From the book lists at Adware Report:

All information current as of 14:31:23 Pacific Time, Monday, 21 February 2005.

The Internet and Everyone

   by J. Christopher Jones / John Chris Jones

    Ellipsis London, Limited
    April, 2000


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Editorial description(s):

About the Author
John Chris Jones, author of Design Methods and Designing Designing, was the first Professor of Design at the Open University.

Book Description
In this extraordinary book, a series of 'letters written at the beginning of an era in which the book has lost the significance it had and in which electronic correspondence, in which anyone may join, becomes the medium of the moment', John Chris Jones explores the potential of the internet as the instigator of a new kind of life. The book is in fact a record of an electronic text, an attempt to find a new form of writing which acknowledges the significance of the connectedness and immediacy of computer networks. In the author's words, it is 'a record of trying to think some of the unthinkables that our technologies have brought before us in this pause before the post-industrial breakfast...'. Based on an analysis of automation (the replacement of human skills by machines, as industrialization was the replacement of human effort), the possibilities opened up by the transmission of information by electricity, and a refusal to accept that the 'virtual' world is in any sense less real than the world excluding computers, Jones sees the internet as making possible an awakening from the 'frozen dreaming' of industrial life.

Reader review(s):

Making sense of digital culture, May 8, 2000
John Chris Jones' "the internet and everyone" is a remarkable new book which gives some much needed perspective to the transformation that has taken place in our culture due to electronic media. Beyond this, it addresses the implications of these changes for society as a whole, suggesting ways through which we might not just be blown by the winds of change, but instead begin to make the weather ourselves. As such Jones' book should become required reading for all those with an interest in taking advantage of all that digitization has to offer, while avoiding the dehumanizing effect that these technologies can sometimes have.

Like the culture it describes, this beautifully designed book is occasionally chaotic and confusing, but Jones provides "reading paths" so that people of different interests can "hop" through the book, finding those aspects that are most relevant to them. In this way Jones mirrors the structure of the internet, presenting multiple narratives to be stitched together by different readers.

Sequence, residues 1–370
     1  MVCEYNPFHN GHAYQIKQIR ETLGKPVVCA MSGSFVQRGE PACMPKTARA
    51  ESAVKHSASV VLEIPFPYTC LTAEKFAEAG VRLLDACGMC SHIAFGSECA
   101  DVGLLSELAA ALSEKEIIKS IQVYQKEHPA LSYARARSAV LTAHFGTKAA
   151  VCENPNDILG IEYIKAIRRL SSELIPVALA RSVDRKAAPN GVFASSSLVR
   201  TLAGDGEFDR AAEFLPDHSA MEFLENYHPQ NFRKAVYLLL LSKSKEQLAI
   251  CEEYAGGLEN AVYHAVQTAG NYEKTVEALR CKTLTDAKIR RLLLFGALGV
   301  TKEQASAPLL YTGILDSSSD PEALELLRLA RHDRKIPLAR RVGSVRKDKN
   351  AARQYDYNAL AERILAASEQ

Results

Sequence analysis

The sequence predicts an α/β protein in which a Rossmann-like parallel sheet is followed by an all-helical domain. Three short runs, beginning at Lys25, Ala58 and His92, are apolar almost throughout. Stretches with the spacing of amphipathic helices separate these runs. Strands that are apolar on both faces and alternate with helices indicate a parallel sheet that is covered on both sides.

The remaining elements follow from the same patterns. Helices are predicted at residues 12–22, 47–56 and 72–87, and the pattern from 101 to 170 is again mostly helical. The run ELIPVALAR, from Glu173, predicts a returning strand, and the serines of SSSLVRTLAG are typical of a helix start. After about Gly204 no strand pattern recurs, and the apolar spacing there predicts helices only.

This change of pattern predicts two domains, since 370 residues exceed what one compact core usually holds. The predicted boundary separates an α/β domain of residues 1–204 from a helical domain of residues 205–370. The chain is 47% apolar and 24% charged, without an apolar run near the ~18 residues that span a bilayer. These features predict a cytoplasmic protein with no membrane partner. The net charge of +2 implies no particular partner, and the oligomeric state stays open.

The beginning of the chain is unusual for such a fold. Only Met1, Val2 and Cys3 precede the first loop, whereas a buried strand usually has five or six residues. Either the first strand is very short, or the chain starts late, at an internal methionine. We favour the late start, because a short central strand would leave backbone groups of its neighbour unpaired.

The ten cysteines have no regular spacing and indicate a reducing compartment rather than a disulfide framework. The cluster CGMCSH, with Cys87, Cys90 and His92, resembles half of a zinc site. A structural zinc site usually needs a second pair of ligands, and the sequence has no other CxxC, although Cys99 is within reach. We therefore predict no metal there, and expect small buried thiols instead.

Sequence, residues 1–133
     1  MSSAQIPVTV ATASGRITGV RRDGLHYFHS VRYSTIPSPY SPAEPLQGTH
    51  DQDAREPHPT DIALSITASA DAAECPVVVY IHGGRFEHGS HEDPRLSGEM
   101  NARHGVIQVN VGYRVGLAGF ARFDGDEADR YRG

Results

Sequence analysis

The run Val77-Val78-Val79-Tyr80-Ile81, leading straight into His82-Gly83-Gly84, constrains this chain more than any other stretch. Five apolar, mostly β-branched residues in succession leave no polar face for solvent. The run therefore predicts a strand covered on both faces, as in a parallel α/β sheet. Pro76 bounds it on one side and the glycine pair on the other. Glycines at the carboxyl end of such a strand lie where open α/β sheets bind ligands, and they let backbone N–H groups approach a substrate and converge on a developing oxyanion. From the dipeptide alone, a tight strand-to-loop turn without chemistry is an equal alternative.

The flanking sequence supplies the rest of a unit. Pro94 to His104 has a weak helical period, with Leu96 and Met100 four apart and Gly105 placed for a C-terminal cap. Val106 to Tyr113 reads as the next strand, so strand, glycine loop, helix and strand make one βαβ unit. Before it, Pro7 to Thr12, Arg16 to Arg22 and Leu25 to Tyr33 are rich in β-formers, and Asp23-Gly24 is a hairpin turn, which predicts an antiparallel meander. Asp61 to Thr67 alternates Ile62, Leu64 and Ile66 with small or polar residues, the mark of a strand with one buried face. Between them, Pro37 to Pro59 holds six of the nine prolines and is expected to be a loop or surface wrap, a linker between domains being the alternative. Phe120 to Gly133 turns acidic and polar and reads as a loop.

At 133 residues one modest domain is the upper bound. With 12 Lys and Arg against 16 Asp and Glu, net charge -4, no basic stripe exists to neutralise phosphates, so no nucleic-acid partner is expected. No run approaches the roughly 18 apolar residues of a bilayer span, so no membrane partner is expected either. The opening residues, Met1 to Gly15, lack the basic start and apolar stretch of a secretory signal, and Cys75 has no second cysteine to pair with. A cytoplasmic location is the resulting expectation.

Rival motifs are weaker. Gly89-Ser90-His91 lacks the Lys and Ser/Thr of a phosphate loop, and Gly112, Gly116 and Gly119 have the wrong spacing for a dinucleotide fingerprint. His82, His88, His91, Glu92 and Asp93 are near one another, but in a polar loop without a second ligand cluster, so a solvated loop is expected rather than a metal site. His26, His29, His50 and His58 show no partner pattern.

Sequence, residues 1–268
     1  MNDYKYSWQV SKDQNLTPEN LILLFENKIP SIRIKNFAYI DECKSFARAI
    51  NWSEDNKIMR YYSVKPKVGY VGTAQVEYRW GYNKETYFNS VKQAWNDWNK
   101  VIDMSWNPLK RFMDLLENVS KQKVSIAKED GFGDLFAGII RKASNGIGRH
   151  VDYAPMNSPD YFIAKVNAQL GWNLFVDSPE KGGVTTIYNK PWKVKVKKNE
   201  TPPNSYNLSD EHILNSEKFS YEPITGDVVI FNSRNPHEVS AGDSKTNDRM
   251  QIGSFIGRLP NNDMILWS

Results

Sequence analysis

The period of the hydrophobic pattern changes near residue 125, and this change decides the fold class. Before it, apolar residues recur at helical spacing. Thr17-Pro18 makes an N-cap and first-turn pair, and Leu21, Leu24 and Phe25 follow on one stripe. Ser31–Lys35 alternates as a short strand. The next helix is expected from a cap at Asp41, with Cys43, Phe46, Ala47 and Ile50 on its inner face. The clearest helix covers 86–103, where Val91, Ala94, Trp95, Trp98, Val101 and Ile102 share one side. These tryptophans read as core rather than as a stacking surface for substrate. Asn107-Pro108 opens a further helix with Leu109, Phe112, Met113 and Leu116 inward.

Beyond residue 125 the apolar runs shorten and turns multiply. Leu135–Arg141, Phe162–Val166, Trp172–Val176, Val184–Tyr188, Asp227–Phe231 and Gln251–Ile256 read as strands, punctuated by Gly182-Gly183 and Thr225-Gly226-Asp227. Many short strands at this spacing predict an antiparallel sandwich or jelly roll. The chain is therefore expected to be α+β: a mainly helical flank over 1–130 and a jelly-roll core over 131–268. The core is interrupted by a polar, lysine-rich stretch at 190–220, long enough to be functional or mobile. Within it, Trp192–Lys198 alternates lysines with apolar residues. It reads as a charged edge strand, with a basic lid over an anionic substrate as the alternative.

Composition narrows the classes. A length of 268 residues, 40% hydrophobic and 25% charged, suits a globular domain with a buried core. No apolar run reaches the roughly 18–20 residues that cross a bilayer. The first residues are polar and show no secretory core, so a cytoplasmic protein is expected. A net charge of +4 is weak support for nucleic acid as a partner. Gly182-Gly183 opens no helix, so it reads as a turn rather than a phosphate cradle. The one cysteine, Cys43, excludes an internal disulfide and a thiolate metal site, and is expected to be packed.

In terms of content, Jones has been exploring the social implications of technological development for almost half a century. "the internet and everyone" presents these findings and shows very clearly how, though radically new in many ways, digital technology is in fact an extension of innovations that preceded it. Jones provides what is so rarely found: a presentation of the social implications of technology and, most importantly, specific suggestions for how to adapt these technologies more fully to suit people (rather than our adapting to them). By taking this broader view of technological development, presented from the point of view of one who has very much been part of its development, Jones gives an unparalleled insight into not just the future course of technology but also of our interaction with it .

"the internet and everyone" presents essays, notes, plays, correspondence -- seemingly a hodgepodge. This idiosyncratic presentation, however, is most suitable for the central message that Jones is presenting -- that for technology to be humane it must be decentral, partial, fragmentary. Anything else risks a tyranny, one which begins in the way we shape our technology and which will eventually take root in society, often limiting our options without our even clearly knowing. We can take from Jones' book to begin with what is most of interest to us. With patience and curiosity we can dip back into it from time to time until even the most odd seeming parts make sense.

Jones' book provides what the internet does not -- perspective. Though seemingly weekly the "next big trend" in the internet is reported, the real implications of this development of a "digital nervous system" for society are much broader. For those who would like to get a sense of what is possible, and of how it might be used to fashion a more humane society, Jones' "the internet and everyone" is a seminal work.

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